questionsdoes the plane fly?

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Ground rules: You have to briefly explain your reasoning.

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No, because there is no wind force under the wings to provide lift off.

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Who is pushing the treadmill?

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they did this one on mythbusters with a giant "treadmill" and an airplane.
it's not the speed of the wheels rolling that creates lift, it's airflow over the wings.

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@faughtey: Whichever minion it was that built that "killer" app yesterday...

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@skippykj: There's no wind? There should be wind... did someone put my experiement in a vacuum bell when I wasn't looking? looks around

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@dosquatch: Building off what @kamikazeken said, liftoff requires a minimum of airflow stronger than could naturally occur. I'm assuming that the plane can only remain stationary relative to the Earth because the treadmill will counter any force from the plane's engines. If a plane can't move forward creating that airflow, it needs to come from another source at hundreds of miles per hour.

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@skippykj: Correct, airfoils require movement through the air to generate lift. I could split hairs about "naturally occurring" and point out how many small planes get tossed around by hurricanes and tornados, but that's outside of the scope of this particular puzzle.

Who said stationary relative to the ground? The second sentence says "the plane moves."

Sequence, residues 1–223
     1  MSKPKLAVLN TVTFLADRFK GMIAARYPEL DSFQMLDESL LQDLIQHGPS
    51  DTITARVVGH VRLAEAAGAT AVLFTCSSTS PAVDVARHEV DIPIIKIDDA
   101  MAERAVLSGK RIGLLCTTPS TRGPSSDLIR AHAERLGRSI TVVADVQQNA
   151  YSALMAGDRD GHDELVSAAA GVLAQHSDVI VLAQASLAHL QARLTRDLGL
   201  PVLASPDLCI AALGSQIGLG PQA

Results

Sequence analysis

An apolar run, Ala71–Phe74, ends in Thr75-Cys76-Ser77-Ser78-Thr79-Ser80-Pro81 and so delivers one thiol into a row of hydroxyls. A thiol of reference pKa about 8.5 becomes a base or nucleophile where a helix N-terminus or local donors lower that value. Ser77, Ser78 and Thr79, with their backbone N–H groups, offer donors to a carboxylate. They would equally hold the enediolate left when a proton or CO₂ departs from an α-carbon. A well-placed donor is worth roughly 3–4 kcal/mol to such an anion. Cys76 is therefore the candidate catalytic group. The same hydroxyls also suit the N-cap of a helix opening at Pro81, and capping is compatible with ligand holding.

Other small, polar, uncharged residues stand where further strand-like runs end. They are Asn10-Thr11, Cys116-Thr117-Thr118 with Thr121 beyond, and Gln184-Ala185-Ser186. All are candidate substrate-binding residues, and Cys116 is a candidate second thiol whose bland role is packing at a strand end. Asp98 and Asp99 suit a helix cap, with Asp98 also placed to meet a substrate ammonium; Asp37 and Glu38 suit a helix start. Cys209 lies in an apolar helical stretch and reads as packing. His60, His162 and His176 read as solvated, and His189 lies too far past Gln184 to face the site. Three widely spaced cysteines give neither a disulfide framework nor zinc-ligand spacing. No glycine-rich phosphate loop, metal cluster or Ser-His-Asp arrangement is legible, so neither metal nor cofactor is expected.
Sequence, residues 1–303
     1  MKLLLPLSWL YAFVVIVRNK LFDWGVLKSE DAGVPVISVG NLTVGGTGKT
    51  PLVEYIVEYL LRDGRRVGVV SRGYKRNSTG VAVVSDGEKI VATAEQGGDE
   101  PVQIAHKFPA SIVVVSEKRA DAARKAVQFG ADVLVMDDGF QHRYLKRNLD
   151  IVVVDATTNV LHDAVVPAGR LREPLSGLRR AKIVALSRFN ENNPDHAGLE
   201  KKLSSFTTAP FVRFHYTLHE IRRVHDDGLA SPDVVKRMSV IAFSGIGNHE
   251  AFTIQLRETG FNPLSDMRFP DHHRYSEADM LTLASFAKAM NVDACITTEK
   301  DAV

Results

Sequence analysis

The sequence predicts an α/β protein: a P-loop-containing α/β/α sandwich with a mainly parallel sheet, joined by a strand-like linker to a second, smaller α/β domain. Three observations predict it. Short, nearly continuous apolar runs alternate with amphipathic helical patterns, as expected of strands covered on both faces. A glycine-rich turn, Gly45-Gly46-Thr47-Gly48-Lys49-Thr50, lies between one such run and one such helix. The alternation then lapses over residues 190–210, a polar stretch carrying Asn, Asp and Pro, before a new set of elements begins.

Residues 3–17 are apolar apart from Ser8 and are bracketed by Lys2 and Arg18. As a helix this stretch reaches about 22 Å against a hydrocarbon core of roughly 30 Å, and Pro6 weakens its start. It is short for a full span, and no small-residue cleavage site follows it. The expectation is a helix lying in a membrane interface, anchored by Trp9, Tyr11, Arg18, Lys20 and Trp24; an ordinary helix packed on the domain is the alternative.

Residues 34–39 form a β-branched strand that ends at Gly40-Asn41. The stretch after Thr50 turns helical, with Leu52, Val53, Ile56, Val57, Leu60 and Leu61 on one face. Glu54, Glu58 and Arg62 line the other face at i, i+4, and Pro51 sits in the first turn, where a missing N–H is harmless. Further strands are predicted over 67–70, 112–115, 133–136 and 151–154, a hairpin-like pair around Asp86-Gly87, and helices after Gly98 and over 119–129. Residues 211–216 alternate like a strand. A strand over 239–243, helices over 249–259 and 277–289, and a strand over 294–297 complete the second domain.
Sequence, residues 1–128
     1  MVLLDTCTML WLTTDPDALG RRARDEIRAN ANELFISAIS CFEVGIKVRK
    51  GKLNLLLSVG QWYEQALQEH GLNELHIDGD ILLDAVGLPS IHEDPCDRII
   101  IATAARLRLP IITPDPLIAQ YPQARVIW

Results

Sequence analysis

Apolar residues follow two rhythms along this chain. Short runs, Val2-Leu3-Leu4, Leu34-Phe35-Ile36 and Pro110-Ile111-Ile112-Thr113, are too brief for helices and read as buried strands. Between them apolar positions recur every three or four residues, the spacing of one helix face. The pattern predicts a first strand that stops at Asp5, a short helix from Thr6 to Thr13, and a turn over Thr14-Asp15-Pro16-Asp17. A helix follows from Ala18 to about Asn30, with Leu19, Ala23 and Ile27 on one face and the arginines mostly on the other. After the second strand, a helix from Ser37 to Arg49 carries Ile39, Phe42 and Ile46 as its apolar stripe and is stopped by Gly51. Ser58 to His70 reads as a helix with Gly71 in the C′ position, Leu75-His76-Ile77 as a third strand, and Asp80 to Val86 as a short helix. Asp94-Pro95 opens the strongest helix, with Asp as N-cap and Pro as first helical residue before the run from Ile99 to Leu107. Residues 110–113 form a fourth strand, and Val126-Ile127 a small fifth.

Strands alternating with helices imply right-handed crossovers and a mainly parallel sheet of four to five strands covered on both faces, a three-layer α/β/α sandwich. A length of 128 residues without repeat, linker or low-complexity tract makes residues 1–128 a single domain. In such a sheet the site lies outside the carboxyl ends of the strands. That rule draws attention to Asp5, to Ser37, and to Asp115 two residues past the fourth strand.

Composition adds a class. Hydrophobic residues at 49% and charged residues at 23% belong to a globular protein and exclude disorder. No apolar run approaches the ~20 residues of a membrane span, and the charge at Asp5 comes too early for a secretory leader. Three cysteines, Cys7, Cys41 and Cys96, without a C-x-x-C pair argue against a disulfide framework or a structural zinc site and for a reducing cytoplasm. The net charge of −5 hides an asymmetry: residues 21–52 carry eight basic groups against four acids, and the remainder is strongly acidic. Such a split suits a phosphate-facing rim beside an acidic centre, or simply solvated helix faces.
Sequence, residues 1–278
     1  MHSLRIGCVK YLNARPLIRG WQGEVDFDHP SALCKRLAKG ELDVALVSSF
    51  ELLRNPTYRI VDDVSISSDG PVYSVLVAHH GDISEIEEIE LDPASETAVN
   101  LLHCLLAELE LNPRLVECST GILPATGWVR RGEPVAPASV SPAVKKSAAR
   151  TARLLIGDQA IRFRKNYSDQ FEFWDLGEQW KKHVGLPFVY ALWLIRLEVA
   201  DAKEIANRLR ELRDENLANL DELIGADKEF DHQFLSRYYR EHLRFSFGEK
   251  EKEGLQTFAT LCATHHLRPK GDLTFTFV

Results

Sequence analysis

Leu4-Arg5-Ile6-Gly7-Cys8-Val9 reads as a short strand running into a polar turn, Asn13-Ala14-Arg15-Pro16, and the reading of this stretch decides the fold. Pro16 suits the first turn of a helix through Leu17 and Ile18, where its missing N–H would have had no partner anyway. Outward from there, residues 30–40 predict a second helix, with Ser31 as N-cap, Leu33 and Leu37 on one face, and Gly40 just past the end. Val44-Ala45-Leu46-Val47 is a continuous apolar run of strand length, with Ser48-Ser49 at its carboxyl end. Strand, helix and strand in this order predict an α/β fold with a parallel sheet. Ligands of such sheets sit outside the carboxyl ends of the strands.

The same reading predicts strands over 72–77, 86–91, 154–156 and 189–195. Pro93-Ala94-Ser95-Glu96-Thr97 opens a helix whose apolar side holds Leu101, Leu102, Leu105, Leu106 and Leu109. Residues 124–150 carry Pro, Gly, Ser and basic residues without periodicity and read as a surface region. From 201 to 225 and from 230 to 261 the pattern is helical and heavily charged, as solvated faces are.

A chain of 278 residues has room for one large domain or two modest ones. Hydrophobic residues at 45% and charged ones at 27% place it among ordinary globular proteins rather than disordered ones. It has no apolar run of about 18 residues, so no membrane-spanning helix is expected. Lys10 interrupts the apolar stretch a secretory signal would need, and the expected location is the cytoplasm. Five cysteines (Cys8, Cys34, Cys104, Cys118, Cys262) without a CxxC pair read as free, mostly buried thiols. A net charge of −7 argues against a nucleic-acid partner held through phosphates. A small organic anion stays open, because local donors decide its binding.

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This is older than the internet.

Here's the real dope:

The bearing in the planes wheels will overheat and crack, rendering the wheels stuck before the plane makes enough speed, since the wheels are spinning twice as fast as they were designed to. Then the plane, stopping short, tumbles over and overturns a cabbage cart.

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@vinithehat: That's a dodge. Let's assume the bearings will survive being pushed past design specs long enough to see the puzzle through.

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@dosquatch: if the wheel are frictionless, the treadmill is rendered ineffective; the plane flies. There's no conundrum.

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The reason the Mythbusters experiment worked the way it did (i.e., the plane took off) was because the treadmill actually exerts little to no force on the plane. This is because the wheels of the plane spin freely, so when the treadmill surface moves, it only interacts with the freely spinning wheels. Inertia keeps the plane in generally the same position relative to the ground. The propeller generates significant forward movement of the plane relative to the ground which, unimpeded by the speeding treadmill surface, causes air to rush past the wings, generating lift.

Here's the video of the Mythbusters' experiment end:
http://www.youtube.com/watch?v=YORCk1BN7QY

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So theres a sea-plane, flowing backwards down a river...

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@vinithehat: I didn't say frictionless, I said "survive". You'd be surprised how long a wheel will keep rolling on a trashed bearing.

Bearings are meant to reduce friction anyway, relying on a friction-reducing device to provide brakeing power doesn't seem wise.

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@sirlouie: Correct as to the mechanics, good job.

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@dosquatch: Well. it flies.

Although I hate the mythbusters, I'm glad they closed this case. If they could only endeavor to cancel Dr. Who, the internet would be much more efficient.

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@vinithehat: ...and the river is flowing northward.